Persecution followed Elizabeth to America where she was imprisoned in Boston for visiting other Friends who were prisoners. In 1661, she and her companion, Joan Broksopp, traveled to Boston. She said, “… for God and his people to those people in the heate of persecution, and if God required us to lay down our lives for the testimony of Jesus and in love to their soules, not knowing but what they might heare and so be saved so they might be left without excuse and God might have his glory and we cleare of their bloud if they would not heare…” It was a crime to be a Quaker in the new world. It was in Boston that she and her daughter were whipped together.

Each time I read of her abuse and imprisonment, followed by her release, followed by her repeat of what landed her in prison before, I realize she had the Light, that is the Holy Spirit, inside her that empowered her to continue whatever task He set before her. She did not allow abuse, which I have come to believe was rape, beatings, whippings, flogging, starving, nor disease to alter the coarse set before her. Her experiences as the first Quaker woman preacher, one of the valiant sixty, and a sufferer for Jesus are extensive and detailed. From the time she became a Quaker until her final breath in Jamaica in January of 1672, she never stopped loving man; “Yea, the Love that I bear to the Souls of all Men, makes me willing to undergo whatsoever can be inflicted.”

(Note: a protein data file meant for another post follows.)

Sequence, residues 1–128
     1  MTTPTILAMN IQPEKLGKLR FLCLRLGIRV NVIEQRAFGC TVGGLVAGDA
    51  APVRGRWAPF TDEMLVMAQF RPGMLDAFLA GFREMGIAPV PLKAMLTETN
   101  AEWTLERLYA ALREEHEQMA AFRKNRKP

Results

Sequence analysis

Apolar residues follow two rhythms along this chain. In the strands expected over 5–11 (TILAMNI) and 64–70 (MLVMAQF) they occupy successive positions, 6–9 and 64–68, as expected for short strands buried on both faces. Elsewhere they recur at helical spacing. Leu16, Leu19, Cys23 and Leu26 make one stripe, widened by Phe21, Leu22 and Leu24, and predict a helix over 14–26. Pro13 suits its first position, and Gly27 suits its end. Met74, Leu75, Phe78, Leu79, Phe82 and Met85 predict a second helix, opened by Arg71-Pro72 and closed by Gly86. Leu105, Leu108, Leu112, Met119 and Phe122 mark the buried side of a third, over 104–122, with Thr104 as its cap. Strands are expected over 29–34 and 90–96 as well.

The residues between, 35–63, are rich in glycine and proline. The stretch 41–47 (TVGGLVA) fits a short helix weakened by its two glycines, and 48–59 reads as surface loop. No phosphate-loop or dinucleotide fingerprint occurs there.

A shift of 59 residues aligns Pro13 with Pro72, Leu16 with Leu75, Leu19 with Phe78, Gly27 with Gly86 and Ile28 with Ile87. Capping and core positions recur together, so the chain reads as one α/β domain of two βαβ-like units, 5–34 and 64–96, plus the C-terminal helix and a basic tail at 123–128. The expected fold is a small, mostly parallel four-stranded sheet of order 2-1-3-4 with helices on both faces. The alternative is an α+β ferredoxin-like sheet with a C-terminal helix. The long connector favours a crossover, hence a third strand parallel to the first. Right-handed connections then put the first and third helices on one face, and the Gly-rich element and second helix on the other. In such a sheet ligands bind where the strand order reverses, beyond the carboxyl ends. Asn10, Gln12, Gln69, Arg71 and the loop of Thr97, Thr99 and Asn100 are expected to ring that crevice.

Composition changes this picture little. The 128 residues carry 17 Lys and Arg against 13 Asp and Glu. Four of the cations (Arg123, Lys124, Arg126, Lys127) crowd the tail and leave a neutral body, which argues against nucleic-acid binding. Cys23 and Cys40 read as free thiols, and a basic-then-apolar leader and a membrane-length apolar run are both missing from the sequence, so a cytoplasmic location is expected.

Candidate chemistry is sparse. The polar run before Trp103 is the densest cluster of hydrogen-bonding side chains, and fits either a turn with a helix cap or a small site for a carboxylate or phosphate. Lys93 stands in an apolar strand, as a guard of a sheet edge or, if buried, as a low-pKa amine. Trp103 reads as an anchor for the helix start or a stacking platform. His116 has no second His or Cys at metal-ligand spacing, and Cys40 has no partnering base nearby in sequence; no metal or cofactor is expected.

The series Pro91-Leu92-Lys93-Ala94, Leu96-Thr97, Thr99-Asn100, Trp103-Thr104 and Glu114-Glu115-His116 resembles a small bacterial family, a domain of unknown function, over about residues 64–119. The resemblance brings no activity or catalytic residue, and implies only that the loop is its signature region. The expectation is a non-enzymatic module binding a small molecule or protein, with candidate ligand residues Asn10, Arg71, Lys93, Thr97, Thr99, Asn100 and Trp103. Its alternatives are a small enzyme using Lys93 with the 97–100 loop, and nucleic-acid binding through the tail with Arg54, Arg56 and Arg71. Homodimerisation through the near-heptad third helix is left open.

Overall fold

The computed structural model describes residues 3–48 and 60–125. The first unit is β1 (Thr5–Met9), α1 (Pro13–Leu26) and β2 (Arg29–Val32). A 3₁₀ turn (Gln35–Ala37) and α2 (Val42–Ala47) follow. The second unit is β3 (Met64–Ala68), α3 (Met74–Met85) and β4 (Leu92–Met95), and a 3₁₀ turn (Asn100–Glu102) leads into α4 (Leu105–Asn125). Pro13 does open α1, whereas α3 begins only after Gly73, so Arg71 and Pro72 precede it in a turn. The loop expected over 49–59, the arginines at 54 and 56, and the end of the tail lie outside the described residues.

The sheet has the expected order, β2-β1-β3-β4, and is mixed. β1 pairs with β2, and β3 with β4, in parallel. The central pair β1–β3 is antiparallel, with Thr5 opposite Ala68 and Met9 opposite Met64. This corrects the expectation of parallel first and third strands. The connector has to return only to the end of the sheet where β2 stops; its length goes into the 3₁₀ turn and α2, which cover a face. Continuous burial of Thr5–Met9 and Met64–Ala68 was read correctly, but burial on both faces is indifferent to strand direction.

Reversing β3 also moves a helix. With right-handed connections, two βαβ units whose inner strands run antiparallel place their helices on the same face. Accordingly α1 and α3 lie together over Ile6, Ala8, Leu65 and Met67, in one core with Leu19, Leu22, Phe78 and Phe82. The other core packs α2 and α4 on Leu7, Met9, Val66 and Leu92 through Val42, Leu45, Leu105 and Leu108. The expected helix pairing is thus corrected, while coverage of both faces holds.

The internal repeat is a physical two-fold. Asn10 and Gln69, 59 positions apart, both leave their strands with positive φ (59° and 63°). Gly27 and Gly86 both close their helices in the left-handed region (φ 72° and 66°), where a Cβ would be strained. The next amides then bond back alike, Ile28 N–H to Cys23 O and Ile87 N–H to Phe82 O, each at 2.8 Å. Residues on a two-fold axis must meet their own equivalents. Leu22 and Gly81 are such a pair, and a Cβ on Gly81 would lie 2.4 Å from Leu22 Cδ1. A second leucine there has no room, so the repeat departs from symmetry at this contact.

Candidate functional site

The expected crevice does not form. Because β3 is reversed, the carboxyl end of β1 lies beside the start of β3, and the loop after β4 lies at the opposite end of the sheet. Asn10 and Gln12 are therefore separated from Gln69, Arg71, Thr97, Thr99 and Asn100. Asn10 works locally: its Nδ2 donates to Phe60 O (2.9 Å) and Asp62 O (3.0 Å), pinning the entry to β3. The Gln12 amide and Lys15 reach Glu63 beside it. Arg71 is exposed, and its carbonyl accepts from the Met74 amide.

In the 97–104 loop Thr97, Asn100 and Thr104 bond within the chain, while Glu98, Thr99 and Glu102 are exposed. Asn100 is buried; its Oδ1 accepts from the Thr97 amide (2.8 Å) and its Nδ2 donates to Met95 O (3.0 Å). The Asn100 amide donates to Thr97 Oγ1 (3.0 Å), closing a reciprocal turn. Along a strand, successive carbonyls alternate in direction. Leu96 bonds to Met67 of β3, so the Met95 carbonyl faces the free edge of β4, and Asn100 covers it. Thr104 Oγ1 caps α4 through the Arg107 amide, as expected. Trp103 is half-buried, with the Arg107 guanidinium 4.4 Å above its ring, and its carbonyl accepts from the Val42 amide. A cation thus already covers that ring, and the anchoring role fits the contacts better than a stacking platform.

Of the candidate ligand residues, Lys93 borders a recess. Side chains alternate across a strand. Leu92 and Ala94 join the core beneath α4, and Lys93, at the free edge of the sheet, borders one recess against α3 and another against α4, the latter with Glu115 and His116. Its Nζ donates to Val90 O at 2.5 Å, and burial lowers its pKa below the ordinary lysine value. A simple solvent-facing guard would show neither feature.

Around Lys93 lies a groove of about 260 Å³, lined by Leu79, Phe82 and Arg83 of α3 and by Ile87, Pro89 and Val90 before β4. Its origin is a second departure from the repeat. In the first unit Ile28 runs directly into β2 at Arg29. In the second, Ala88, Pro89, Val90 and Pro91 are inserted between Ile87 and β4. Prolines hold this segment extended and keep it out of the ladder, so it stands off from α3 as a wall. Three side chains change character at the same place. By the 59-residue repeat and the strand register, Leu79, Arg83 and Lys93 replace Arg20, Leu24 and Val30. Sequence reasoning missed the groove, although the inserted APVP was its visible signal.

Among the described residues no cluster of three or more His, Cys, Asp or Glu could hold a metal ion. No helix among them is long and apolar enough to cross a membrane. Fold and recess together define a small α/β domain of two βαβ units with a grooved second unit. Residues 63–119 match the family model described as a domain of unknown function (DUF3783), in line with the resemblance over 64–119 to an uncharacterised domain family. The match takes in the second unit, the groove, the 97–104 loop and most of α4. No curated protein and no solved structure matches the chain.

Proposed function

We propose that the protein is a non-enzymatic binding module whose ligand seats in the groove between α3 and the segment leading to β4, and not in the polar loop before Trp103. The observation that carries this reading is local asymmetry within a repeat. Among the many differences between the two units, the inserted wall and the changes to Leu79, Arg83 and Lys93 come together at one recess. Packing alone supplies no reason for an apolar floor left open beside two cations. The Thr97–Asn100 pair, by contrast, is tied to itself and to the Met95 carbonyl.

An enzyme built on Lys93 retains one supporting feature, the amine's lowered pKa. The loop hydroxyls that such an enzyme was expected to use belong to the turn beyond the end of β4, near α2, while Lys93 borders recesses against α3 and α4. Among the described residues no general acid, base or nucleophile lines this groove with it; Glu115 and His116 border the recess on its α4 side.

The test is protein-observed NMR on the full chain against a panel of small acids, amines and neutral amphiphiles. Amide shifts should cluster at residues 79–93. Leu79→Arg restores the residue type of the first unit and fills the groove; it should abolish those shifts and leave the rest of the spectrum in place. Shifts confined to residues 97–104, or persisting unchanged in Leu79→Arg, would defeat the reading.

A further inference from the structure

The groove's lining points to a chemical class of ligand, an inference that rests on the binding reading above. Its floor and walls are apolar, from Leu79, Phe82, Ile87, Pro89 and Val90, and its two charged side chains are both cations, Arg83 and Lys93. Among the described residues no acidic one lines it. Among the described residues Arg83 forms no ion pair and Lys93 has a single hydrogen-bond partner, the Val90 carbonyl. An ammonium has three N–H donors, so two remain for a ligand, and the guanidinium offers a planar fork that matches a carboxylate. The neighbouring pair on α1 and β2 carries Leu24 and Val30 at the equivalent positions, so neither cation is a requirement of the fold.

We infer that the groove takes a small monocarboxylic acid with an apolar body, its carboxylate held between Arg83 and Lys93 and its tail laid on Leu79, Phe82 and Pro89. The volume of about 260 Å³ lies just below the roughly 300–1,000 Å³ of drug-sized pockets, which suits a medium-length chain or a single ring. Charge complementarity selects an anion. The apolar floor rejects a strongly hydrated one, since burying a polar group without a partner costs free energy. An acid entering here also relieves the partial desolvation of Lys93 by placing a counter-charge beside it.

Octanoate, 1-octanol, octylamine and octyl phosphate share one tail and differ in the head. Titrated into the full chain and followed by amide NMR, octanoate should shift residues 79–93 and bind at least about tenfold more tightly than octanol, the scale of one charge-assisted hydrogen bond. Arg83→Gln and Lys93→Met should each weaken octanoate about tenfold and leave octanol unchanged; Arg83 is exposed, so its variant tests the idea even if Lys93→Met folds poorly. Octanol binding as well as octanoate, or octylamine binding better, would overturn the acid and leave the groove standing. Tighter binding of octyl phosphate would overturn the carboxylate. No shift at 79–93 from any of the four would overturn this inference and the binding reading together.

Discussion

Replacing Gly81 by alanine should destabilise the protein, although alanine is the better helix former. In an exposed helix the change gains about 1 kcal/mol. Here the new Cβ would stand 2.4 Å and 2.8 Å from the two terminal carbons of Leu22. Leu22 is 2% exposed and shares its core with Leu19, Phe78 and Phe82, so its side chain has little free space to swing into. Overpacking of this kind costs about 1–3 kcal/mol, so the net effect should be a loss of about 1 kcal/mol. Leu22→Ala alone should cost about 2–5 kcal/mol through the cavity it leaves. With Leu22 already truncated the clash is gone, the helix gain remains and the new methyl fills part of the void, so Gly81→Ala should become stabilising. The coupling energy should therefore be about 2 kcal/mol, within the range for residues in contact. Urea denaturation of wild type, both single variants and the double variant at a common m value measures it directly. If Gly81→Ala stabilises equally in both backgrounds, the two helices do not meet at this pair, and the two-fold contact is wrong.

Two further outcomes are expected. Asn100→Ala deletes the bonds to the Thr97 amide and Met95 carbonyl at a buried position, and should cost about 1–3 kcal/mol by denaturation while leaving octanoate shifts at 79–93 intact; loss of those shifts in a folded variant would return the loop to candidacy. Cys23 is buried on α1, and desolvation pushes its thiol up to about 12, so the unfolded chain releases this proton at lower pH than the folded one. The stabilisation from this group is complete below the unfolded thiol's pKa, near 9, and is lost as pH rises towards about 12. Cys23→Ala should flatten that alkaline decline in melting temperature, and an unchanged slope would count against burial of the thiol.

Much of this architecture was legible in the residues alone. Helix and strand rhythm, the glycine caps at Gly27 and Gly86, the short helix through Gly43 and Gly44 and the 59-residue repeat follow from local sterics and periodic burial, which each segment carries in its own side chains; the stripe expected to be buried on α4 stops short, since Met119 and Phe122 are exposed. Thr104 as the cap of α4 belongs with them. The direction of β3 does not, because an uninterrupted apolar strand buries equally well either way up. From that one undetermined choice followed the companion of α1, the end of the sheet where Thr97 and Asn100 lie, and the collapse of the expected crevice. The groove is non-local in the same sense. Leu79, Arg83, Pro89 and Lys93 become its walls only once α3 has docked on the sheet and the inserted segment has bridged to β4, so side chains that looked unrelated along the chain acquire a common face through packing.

Emily Manners summarizes Elizabeth’s life beautifully and with a challenge for us today: “She played her part in the heroic age of the Society of Friends: always valiant for the truth, quick to seize any opportunity that offered to plead the cause of her fellow sufferers, even though her own sufferings made the occasion – fearless in denouncing the evils of the time – far in advance of the age in which she lived in her advocacy of prison and other reforms, and though her methods may appear strangely uncouth in our politer days, yet her history is eloquent in its lessons for us, conscious, it may be, that, in the words of Whittier, ‘The spirit’s temper grows too soft in this still air.’”

Has the Spirit's temper grown too soft in this still air?

“… She was a Godly Woman and had a great care lay upon her for people to walk in Truth that did profess it, and from her receiving Truth, she never turned her back on it but was fervent and faithful for it till death.” George Fox

Included below are sources used in the writing of this post.

Clayton, J. (2013, January, 08). Tough as nails. [web blog post] Retrieved from
Jones, R. (Ed.). (1976). The journal of George Fox. Friends United Press: Richmond, Indiana.
Manners, E., & Penny, N. (1914). Elizabeth Hooton, the first Quaker woman preacher (1600-1672). (e-book) London: Headley brothers.
Vipont, E. (1975). George Fox and the valiant sixty. London: Hamish Hamilton.
Williams, W. (1987). The rich heritage of Quakerism. Barclay Press: Newberg, Oregon.

#QuakerWomen #womenpreachers #Friends #Quakers #ElizabethHooton #GeorgeFox #WomensHistoryMonth